Entrepreneurs are better off growing leaders inside their teams or hiring from other startups.
“Hire experienced managers from a big corporation because they’ll turn your startup into a real company,” my investor once told me.
Yet, after working in top-tier corporate consulting and interviewing hundreds of candidates while building my tech startup over the past ten years, I learned that corporates and entrepreneurs are like oil and water: they don’t mix well.
Tailored-suit executives with an Ivy League degree look fantastic on paper. But once they slip into your startup, they may reveal themselves as sharks in sheep’s skin, sinking their razor teeth into your delicate culture, butchering your small company into pieces.
So before you roll out your red carpet for an experienced manager from a big corporation, look at the warning signs below.
As a founder of a promising young startup, you might be better off growing your managers from inside your team instead.
In our first interview, Alina reminded me of Dagny Taggart from Atlas Shrugged: ambitious and driven, a fighter with a never-give-up spirit. With years of experience as a corporate executive, she could’ve had any other job served to her on a silver platter, yet she decided to join our startup instead.
But Alina resigned after several months, leaving a trail of hate emails from almost every member of our team. They called her bossy and arrogant — a self-serving corporate big-head.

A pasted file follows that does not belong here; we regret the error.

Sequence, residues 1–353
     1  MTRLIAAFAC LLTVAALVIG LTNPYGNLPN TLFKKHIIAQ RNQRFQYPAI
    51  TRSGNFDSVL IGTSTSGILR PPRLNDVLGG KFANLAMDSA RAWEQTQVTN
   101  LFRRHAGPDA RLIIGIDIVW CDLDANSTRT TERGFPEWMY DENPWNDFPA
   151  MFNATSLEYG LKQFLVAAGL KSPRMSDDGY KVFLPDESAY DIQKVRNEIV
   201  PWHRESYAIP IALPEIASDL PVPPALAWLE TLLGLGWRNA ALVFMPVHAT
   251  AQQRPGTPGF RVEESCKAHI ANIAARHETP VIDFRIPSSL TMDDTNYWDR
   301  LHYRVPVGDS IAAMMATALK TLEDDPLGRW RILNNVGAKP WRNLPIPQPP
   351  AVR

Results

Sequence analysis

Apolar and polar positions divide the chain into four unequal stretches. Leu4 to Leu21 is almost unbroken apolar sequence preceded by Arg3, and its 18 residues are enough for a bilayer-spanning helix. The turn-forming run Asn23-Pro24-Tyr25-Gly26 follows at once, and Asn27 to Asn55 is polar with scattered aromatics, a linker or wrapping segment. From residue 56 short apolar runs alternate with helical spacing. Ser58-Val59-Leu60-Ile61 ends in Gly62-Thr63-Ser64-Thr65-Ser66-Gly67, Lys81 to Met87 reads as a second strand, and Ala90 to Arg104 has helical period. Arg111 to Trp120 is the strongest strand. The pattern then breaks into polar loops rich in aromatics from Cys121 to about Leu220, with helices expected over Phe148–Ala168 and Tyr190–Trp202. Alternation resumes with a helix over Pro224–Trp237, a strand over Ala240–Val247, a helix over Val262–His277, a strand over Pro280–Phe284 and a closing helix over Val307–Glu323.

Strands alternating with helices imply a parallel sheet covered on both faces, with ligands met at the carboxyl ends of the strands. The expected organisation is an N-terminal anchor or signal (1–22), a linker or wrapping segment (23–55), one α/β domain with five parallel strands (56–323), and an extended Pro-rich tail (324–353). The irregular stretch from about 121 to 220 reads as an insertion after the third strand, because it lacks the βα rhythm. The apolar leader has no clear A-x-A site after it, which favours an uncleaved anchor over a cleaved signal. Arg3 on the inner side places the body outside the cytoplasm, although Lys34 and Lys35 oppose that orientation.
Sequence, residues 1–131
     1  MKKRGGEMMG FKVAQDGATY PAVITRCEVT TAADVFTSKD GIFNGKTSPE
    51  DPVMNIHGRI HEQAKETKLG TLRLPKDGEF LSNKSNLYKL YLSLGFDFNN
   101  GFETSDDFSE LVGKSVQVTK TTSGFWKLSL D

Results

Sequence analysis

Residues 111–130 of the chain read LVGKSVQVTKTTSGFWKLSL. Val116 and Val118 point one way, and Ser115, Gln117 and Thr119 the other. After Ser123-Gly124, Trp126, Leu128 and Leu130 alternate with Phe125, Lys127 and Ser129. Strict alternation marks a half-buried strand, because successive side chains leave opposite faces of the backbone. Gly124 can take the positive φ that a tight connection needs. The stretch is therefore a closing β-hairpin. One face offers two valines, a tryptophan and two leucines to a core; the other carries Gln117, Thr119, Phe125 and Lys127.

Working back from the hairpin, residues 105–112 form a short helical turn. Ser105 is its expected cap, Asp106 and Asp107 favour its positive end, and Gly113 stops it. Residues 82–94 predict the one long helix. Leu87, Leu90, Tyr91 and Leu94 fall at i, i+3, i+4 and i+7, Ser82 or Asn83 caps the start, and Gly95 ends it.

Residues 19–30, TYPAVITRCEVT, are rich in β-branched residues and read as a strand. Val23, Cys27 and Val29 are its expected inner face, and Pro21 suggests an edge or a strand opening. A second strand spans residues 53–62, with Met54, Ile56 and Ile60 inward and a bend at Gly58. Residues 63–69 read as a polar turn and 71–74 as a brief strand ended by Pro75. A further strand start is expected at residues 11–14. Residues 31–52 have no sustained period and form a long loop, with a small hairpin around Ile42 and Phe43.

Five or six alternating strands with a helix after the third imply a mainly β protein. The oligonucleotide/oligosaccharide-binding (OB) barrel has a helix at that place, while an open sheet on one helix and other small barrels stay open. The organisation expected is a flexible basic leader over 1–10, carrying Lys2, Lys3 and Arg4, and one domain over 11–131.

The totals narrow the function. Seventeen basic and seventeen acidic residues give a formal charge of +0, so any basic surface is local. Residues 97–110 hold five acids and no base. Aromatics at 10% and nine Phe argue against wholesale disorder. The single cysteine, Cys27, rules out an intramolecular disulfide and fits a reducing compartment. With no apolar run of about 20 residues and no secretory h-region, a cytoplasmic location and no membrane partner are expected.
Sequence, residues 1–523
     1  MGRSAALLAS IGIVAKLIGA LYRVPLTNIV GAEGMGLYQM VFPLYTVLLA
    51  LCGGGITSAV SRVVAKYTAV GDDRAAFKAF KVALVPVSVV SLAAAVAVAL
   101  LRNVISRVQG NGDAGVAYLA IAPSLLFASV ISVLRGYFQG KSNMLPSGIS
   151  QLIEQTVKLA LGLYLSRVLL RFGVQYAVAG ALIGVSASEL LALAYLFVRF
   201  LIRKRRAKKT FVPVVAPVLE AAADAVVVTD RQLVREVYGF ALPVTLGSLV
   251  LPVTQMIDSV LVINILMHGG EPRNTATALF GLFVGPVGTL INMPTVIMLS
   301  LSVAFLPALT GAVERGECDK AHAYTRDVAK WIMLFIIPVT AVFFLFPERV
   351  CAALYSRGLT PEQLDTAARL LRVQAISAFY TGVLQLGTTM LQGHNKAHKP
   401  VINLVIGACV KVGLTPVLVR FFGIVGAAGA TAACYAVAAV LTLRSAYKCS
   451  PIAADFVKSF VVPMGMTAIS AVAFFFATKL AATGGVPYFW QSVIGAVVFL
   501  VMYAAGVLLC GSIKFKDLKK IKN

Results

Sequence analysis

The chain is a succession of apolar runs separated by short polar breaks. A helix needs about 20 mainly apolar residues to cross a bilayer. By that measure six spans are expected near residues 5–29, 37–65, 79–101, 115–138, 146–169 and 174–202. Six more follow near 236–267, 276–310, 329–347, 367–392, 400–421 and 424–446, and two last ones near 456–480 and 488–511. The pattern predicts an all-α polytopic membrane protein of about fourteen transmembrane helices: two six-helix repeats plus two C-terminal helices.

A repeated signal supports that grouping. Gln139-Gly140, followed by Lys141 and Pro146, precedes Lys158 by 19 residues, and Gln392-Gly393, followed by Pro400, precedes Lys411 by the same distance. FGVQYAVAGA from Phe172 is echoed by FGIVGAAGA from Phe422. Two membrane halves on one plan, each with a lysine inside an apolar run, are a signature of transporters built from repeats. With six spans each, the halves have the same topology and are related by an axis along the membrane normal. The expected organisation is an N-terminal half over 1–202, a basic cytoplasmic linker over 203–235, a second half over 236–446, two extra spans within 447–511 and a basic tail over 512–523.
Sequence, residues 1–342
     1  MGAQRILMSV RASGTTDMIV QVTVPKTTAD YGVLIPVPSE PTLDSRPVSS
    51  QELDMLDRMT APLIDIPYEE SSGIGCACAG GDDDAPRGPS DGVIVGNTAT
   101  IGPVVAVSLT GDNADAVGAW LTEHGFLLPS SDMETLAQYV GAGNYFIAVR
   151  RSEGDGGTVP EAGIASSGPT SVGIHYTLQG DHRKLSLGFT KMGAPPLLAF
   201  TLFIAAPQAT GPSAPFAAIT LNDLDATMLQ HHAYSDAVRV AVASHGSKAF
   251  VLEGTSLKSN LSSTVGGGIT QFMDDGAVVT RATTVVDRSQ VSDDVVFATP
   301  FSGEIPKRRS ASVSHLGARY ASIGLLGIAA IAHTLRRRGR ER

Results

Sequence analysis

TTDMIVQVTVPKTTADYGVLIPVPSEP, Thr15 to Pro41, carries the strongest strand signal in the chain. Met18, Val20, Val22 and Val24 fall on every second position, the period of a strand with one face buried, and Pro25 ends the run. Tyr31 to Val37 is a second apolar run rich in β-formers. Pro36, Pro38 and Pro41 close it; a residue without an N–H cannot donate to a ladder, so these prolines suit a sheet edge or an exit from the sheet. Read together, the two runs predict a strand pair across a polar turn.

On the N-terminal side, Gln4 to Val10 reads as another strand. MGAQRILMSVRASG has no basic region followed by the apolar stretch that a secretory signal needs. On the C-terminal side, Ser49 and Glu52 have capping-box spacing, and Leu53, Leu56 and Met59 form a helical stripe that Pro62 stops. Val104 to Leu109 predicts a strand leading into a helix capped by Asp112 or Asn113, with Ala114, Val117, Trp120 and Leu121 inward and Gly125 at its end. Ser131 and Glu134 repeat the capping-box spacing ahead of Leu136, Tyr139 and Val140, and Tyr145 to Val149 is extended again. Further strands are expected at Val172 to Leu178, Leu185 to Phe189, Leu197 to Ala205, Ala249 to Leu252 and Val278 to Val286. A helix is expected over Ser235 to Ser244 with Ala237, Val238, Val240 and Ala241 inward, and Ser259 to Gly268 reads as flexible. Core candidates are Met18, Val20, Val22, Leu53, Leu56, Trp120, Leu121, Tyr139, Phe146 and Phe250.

“Why does your team hate me?” she asked. “Don’t you have to be bold, pushy, and think about yourself to succeed?”
The writer Will Storr illustrates why small teams often resist working with executives from large corporations. Tracing back thousands of years of human evolution, a single selfish hunter meant starvation and death for other members of his small tribe. Therefore, smaller teams today have a strong evolutionary instinct to punish selfish individuals.
Sure, not every corporate employee is automatically a greedy prick. However, larger institutions provide a fertile ground for selfish behavior, allowing its people to get away with it.
You can’t fool evolution. So when you consider hiring an ex-corporate leader, check if your team is ready to accommodate a self-centered individual.
Managers who spend days behind the glass walls of their corporate office and binge-watching Netflix’s startup series in the evening — won’t know the reality of 99% of startups.
They’ll email you their job application, picturing all the glamorous strategic planning to change the world while enjoying alcohol-laden parties and free food, sipping in-house barista macchiato next to foosball tables sprinkled around a spacious and creatively decorated startup loft.
But startups aren’t always fun. Startup work is stressful, long, and often far from glamorous. It can be tedious and mundane.
Once their Hollywood illusion crumbles, former corporate employees will become frustrated and eventually blame you for being a poor leader.
Corporate managers often barge into a startup wearing white gloves.
Alina claimed her manager role but refused to perform her tasks herself. She expected an army of minions who executed the orders she delegated from her command center. She liked to describe her work as “strategic planning.”
This attitude implies hiring a myriad of employees and freelancers — something a small company cannot or doesn’t want to afford. It works in a big organization, but smaller startups follow different work morale.